• Harvesting Penicillin from Yeast Cells
    Dr Tom Ellis
  • Dr Ali Awan

News & Views

Harvesting Penicillin from Yeast Cells

May 08 2017

Scientists from Imperial College London (ICL) have successfully inserted fungus genes into a yeast cell to make it produce penicillin molecules. In this early stage research* the synthetic biologists found that the re-engineered yeast, which manufactured the nonribosomal peptide antibiotic penicillin, displayed antibacterial properties against streptococcus bacteria when tested under laboratory conditions.

Dr Tom Ellis, from the Centre for Synthetic Biology at Imperial College London, explains: “Humans have been experimenting with yeast for thousands of years. From brewing beer to getting our bread to rise and more recently for making compounds like anti-malarial drugs, yeast is the microscopic workhorse behind many processes.

“The rise of drug-resistant superbugs has brought a real urgency to our search for new antibiotics. Our experiments show that yeast can be engineered to produce a well-known antibiotic. This opens up the possibility of using yeast to explore the largely untapped treasure trove of compounds in the nonribosomal peptide family to develop a new generation of antibiotics and anti-inflammatories.”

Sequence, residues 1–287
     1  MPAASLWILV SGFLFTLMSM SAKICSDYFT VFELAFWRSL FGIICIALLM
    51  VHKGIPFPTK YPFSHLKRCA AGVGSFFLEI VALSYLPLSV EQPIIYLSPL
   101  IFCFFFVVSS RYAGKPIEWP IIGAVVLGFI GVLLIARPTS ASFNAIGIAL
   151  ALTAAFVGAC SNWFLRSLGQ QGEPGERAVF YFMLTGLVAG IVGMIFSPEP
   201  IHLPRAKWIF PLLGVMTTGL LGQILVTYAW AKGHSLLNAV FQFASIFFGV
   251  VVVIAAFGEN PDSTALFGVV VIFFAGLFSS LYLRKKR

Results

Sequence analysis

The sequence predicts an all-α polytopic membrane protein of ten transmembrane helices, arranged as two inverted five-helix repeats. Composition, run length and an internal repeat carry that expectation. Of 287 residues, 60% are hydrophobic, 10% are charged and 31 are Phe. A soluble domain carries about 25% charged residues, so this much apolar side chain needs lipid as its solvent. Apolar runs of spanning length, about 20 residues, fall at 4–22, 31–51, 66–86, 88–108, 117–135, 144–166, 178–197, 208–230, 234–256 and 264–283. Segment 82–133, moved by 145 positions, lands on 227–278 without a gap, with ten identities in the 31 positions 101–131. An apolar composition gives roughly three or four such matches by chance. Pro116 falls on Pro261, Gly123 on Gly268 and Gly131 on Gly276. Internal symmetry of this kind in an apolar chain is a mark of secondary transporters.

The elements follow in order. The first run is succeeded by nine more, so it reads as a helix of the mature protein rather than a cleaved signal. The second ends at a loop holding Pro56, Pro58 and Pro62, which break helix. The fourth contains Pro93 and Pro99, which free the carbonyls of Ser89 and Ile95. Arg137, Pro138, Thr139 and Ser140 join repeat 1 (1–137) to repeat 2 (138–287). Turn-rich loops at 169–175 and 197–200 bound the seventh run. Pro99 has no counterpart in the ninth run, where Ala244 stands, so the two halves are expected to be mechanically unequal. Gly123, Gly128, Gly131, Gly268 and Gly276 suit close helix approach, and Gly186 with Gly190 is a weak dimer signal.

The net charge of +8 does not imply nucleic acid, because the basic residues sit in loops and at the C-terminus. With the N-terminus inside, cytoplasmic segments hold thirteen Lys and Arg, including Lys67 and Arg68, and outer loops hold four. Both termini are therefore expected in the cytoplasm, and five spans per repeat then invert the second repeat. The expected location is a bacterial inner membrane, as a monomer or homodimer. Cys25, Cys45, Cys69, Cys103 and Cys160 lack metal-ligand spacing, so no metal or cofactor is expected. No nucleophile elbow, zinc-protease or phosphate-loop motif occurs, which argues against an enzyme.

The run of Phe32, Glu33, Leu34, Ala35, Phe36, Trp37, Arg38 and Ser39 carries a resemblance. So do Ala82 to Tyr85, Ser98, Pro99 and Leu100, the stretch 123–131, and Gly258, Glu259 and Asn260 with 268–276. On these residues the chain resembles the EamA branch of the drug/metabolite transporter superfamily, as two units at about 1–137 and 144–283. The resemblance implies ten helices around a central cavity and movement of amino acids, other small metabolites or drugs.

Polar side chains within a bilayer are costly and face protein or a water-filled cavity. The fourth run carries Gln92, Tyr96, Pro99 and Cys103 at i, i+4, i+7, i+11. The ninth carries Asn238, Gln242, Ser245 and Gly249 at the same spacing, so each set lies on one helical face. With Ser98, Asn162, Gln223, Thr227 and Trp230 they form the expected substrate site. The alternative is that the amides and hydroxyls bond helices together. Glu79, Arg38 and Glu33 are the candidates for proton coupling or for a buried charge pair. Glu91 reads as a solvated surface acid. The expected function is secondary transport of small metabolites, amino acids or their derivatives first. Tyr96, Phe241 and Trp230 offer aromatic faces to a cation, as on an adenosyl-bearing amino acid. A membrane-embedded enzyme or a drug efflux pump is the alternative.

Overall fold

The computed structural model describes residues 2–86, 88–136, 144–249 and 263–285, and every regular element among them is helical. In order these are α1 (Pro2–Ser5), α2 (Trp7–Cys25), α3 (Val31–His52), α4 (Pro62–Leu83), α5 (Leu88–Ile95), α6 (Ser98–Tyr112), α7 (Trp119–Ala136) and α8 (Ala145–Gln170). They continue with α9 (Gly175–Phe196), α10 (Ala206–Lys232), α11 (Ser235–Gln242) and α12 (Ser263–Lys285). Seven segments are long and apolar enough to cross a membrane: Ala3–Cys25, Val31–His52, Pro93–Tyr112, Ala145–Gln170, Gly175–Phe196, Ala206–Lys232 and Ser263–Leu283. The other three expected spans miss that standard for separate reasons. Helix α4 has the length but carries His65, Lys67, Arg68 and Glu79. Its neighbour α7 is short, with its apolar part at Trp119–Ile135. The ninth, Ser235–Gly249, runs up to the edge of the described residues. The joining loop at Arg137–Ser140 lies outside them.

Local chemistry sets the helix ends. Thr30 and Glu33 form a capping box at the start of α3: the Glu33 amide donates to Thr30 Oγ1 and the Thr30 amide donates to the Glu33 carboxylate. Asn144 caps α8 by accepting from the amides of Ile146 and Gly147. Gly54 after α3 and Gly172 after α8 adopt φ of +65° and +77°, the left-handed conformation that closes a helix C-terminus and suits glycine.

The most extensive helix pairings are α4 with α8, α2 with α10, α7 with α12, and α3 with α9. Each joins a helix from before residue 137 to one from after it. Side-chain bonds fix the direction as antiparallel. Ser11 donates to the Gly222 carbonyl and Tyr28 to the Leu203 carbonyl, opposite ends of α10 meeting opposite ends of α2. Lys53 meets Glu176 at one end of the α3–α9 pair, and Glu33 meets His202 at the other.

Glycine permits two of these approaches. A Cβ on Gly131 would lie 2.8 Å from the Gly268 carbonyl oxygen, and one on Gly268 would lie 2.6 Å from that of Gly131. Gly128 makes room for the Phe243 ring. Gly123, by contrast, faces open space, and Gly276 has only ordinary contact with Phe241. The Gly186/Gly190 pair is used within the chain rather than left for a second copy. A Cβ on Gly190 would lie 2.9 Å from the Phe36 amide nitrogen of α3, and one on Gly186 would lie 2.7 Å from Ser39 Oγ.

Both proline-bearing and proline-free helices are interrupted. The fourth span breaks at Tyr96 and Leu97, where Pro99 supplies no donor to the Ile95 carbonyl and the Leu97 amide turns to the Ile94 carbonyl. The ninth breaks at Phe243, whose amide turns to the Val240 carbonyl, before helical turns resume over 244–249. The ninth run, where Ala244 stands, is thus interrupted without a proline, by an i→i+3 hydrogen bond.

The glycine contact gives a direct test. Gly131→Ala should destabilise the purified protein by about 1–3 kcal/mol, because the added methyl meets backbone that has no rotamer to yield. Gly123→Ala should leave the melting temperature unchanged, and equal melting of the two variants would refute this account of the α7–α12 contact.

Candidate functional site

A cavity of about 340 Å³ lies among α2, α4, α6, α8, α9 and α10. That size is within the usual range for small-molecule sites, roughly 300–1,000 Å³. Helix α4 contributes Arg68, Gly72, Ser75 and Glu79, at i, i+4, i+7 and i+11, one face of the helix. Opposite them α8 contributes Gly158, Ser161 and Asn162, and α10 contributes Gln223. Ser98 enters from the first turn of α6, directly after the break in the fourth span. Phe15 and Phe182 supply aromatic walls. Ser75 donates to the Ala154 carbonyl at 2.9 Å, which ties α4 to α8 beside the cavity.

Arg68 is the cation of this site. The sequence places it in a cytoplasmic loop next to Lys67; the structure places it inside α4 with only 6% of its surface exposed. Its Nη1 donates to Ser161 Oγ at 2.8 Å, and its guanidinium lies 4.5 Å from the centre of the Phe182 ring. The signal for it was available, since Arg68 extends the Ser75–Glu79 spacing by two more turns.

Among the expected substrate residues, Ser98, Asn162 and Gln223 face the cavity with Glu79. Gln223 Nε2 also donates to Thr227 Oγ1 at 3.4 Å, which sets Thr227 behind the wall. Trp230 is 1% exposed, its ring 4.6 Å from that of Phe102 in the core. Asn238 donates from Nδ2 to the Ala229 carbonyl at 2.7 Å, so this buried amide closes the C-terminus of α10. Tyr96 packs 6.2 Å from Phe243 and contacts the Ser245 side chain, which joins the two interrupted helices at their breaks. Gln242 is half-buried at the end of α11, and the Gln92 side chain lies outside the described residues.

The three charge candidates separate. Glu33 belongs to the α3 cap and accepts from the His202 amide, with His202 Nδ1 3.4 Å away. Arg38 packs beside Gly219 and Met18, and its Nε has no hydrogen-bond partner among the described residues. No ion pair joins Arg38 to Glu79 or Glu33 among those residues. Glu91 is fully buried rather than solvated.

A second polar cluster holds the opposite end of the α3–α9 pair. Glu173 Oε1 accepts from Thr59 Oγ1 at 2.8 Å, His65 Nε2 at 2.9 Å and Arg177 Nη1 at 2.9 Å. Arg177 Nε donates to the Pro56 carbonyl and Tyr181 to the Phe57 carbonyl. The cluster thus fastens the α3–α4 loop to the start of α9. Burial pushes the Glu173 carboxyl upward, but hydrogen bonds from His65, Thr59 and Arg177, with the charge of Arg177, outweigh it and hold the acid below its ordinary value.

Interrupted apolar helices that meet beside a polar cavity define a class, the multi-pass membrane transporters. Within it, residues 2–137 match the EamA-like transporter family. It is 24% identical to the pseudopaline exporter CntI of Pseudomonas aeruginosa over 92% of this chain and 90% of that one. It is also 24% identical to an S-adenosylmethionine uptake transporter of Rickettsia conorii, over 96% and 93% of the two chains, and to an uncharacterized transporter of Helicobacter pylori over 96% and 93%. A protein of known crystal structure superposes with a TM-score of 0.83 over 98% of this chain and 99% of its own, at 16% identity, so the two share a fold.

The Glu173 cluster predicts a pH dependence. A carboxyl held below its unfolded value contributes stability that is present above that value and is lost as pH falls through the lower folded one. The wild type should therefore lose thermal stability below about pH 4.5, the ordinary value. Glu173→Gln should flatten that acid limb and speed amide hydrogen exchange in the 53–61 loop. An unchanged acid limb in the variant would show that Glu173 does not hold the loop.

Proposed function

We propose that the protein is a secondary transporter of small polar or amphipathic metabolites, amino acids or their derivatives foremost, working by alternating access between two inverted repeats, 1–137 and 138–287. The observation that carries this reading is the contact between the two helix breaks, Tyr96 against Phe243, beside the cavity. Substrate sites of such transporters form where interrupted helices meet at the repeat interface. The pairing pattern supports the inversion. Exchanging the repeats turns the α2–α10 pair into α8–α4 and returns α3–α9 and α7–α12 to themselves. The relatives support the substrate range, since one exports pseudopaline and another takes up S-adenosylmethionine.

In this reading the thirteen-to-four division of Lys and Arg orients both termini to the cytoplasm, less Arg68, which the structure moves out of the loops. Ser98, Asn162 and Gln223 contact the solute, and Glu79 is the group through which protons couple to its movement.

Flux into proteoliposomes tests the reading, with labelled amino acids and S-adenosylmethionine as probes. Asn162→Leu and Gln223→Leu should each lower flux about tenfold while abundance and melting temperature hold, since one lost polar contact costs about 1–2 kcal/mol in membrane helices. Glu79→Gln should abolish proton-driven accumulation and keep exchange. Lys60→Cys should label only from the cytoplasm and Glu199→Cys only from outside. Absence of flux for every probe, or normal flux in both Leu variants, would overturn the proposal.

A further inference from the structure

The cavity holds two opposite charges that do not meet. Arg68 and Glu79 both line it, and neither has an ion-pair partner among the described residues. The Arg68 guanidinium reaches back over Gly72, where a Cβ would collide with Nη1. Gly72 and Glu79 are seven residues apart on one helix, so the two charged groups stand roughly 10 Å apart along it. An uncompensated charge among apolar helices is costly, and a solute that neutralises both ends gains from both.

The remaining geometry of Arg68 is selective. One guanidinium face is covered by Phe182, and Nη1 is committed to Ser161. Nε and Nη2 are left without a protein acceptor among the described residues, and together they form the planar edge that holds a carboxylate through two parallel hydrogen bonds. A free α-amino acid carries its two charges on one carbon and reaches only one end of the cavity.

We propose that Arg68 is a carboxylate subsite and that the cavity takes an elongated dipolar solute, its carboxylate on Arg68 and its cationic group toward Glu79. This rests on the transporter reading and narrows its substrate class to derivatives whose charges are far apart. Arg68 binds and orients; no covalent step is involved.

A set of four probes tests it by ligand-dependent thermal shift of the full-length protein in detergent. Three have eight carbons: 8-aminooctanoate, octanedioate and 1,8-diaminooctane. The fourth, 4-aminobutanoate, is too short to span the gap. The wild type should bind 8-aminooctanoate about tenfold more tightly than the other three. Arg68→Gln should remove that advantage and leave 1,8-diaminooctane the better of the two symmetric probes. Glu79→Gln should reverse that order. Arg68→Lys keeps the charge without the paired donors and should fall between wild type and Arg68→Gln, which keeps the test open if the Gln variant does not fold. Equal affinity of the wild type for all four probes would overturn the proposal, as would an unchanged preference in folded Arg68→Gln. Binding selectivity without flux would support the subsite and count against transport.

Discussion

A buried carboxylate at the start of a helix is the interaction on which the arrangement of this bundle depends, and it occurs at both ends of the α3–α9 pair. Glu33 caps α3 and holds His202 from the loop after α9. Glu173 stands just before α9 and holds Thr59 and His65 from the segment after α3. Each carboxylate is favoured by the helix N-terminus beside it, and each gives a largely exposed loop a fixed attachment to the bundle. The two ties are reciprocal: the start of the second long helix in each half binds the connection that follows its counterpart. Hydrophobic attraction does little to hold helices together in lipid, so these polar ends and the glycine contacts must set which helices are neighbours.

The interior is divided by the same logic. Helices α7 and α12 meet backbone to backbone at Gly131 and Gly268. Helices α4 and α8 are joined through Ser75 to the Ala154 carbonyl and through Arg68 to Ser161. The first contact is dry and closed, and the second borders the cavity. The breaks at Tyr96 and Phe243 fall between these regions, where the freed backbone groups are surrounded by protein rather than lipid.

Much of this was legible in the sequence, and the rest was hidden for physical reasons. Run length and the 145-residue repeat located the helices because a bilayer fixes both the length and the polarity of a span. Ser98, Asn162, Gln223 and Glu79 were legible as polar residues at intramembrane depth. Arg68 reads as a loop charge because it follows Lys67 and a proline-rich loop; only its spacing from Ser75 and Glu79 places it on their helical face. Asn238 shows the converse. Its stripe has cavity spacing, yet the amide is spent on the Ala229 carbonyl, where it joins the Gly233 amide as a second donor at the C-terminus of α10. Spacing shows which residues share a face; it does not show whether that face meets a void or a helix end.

Dr Ali Awan, co-author from the Department of Bioengineering at Imperial College London, explains: “Fungi have had millions of years to evolve the capability to produce bacteria-killing penicillin. We scientists have only been working with yeast in this context for a handful of years, but now that we’ve developed the blueprint for coaxing yeast to make penicillin, we are confident we can further refine this method to create novel drugs in the future.

“We believe yeast could be the new mini-factories of the future, helping us to experiment with new compounds in the nonribosomal peptide family to develop drugs that counter antimicrobial resistance.”

The team are currently looking for fresh sources of funding and new industrial collaborators to take their research to the next level.

The research was carried out in conjunction with SynbiCITE, which is the UK’s national centre for the commercialisation of synthetic biology.

*Published in Nature Communications

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